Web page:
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Pop - Released April 26, 2019 | RCA Records Label

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In the fourth song of her eighth album, Pink alludes to the “attic” in which she locks up everything she keeps secret. But if there is one thing that the Family Portrait vocalist wishes to get out in the open, it is indeed her love for music, regardless of the genre. Through the soul and retro infused Hustle and the electronic nature of Love me Anyway, Pink proves yet again that she is the queen of stylistic variety. For this last track, she pairs up with country singer Chris Stapleton, whilst for Can We Pretend, she is surrounded by electro trio Cash Cash, (who released the sensational Take Me Home in 2013). Among the (numerous) other features on this album are Wrabel on 90 Days, Khalid on Hurts 2B Human, as well as Beck on We Could Have it All. Pink not only adores music in the broad sense of the term, but also appreciates her fellow artists who help her to produce such eclectic musical pieces – much like the multicolored album cover. © Nicolas Magenham/Qobuz
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Pop - Released October 13, 2017 | RCA Records Label

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Pop/Rock - Released September 14, 2012 | RCA Records Label

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Pop/Rock - Released April 4, 2006 | LaFace Records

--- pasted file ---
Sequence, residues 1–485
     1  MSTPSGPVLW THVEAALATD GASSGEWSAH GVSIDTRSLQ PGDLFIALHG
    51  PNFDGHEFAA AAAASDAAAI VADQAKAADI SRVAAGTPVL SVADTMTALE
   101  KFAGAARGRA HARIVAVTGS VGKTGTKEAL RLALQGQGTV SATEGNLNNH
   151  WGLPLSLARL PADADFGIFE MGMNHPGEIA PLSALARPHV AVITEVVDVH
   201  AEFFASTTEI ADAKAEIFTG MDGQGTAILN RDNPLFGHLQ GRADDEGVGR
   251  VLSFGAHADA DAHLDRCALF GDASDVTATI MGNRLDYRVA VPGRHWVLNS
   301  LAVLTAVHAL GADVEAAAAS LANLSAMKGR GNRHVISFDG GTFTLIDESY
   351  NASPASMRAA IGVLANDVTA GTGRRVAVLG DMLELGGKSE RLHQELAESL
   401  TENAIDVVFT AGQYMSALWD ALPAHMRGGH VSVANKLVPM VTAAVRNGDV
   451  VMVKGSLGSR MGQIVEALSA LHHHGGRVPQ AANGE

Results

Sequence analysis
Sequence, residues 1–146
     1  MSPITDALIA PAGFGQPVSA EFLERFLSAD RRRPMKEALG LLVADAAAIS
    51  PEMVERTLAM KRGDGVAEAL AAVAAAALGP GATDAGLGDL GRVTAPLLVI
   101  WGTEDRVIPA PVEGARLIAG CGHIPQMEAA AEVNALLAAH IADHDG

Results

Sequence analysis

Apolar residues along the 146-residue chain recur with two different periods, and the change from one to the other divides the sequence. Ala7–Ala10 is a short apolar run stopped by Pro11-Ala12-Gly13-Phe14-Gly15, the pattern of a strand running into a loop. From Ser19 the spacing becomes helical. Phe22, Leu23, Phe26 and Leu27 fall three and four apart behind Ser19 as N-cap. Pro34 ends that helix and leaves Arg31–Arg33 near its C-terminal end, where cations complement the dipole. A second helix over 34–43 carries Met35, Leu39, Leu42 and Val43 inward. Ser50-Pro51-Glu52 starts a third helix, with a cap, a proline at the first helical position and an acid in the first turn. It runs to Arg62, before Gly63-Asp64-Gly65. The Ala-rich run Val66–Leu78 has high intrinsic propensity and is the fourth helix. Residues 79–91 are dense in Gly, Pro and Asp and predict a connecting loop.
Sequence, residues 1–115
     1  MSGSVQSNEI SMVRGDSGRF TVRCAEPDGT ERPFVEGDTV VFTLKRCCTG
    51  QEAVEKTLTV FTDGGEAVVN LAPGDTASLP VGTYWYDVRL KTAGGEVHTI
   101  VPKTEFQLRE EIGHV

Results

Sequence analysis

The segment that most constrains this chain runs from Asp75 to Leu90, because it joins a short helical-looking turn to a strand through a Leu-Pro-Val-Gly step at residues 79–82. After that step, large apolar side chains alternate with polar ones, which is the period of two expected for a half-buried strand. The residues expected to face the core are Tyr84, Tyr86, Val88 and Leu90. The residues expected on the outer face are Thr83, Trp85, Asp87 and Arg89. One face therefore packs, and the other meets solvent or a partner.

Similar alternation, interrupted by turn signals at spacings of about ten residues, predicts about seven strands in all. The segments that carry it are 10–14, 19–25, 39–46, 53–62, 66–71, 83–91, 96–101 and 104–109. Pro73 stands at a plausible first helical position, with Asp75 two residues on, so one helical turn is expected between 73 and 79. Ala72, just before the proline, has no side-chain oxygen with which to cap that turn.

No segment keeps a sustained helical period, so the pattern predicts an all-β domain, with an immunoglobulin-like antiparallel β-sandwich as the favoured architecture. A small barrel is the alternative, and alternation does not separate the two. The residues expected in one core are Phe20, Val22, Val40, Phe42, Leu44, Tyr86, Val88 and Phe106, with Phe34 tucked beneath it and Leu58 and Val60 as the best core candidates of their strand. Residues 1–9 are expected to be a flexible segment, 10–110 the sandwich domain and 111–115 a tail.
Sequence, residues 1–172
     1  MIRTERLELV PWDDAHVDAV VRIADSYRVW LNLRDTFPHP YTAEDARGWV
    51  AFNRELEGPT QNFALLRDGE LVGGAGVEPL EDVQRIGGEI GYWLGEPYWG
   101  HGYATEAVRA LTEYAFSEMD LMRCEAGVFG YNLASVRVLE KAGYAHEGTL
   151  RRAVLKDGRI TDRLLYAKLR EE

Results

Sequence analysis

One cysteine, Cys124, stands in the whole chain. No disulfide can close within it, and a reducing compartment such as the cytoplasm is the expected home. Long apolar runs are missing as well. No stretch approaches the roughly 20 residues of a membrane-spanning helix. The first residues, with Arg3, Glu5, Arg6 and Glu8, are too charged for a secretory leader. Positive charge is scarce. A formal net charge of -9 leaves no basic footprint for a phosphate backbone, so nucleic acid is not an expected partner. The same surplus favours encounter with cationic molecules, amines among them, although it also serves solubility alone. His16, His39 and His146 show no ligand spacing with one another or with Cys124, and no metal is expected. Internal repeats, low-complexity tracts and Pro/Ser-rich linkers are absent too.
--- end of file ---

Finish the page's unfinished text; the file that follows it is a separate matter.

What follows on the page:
Although it hardly deserved it, Try This -- P!nk's 2003 sequel to her 2001 artistic and commercial breakthrough, M!ssundaztood -- turned out to be something of a flop, selling considerably less than its predecessor and generating no true hit singles. Perhaps this downturn in sales was due to the harder rock direction she pursued on Try This, perhaps the songs she co-wrote with Rancid's Tim Armstrong weren't quite pop even if they were poppy, perhaps it was just a matter of timing, but the album just didn't click with a larger audience, through no fault of the music, which was the equal to that on M!ssundaztood. When faced with such a commercial disappointment, some artists would crawl back to what made them a star, but not P!nk. Although she does pump up the dance on 2006's I'm Not Dead, it's way too simple to call the album a return to "Get the Party Started" -- P!nk is far too complex to do something so straightforward. No, P!nk is complicated, often seemingly contradictory: she tears down "porno paparazzi girls" like Paris Hilton just as easily as she flaunts her bling on "'Cuz I Can"; she celebrates that "I Got Money Now"; she'll swagger and snarl and swear like a sailor, then turn around and write sweet songs of support to a teenager, or a knowingly melancholy reflection like "I Got Money Now"; she'll collaborate with Britney Spears hitmaker Max Martin on one track, then turn around and bring in the Indigo Girls for support on a stripped-down protest song. She'll try anything, and she does on I'm Not Dead. It Ping-Pongs between dense dancefloor anthems and fuzzy power pop, acoustic folk-rock and anthemic power ballads, hard rock tunes powered by electronic beats and dance tunes sung with the zeal of a rocker. It's not just that P!nk tries a lot of different sounds, it's that she seizes the freedom to hurl insults at both George W. Bush and a sleazoid who tried to pick her up at a bar, or to end a chorus with a chant of "Ice cream, ice cream/We all want ice cream." Far from sounding cow-towed by the reaction to Try This, P!nk sounds liberated, making music that's far riskier and stranger than anything else in mainstream pop in 2006. And it's a testament to her power as both a musician and a persona that for this record, even though she's working with singer/songwriter Butch Walker, Max Martin, and Teddy Geiger's cohort, Billy Mann -- her most mainstream collaborators since LA Reid and Babyface helmed her 2000 debut, Can't Take Me Home -- she sounds the strangest she ever has, and that's a positively thrilling thing to hear. That's because she not only sounds strange, she sounds stronger as a writer and singer, as convincing when she's singing the bluesy, acoustic "The One That Got Away" as when she's taunting and teasing on "Stupid Girls" or "U + Ur Hand" or when she's singing a propulsive piece of pure pop like "Leave Me Alone (I'm Lonely)." In other words, she sounds complex: smart, funny, sexy, catchy, and best of all, surprising and unpredictable. This is the third album in a row where she's thrown a curve ball, confounding expectations by delivering a record that's wilder, stronger, and better than the last. And while that's no guarantee that I'm Not Dead will be a bigger hit than Try This, at least it's proof positive that there are few pop musicians more exciting in the 2000s than P!nk. ~ Stephen Thomas Erlewine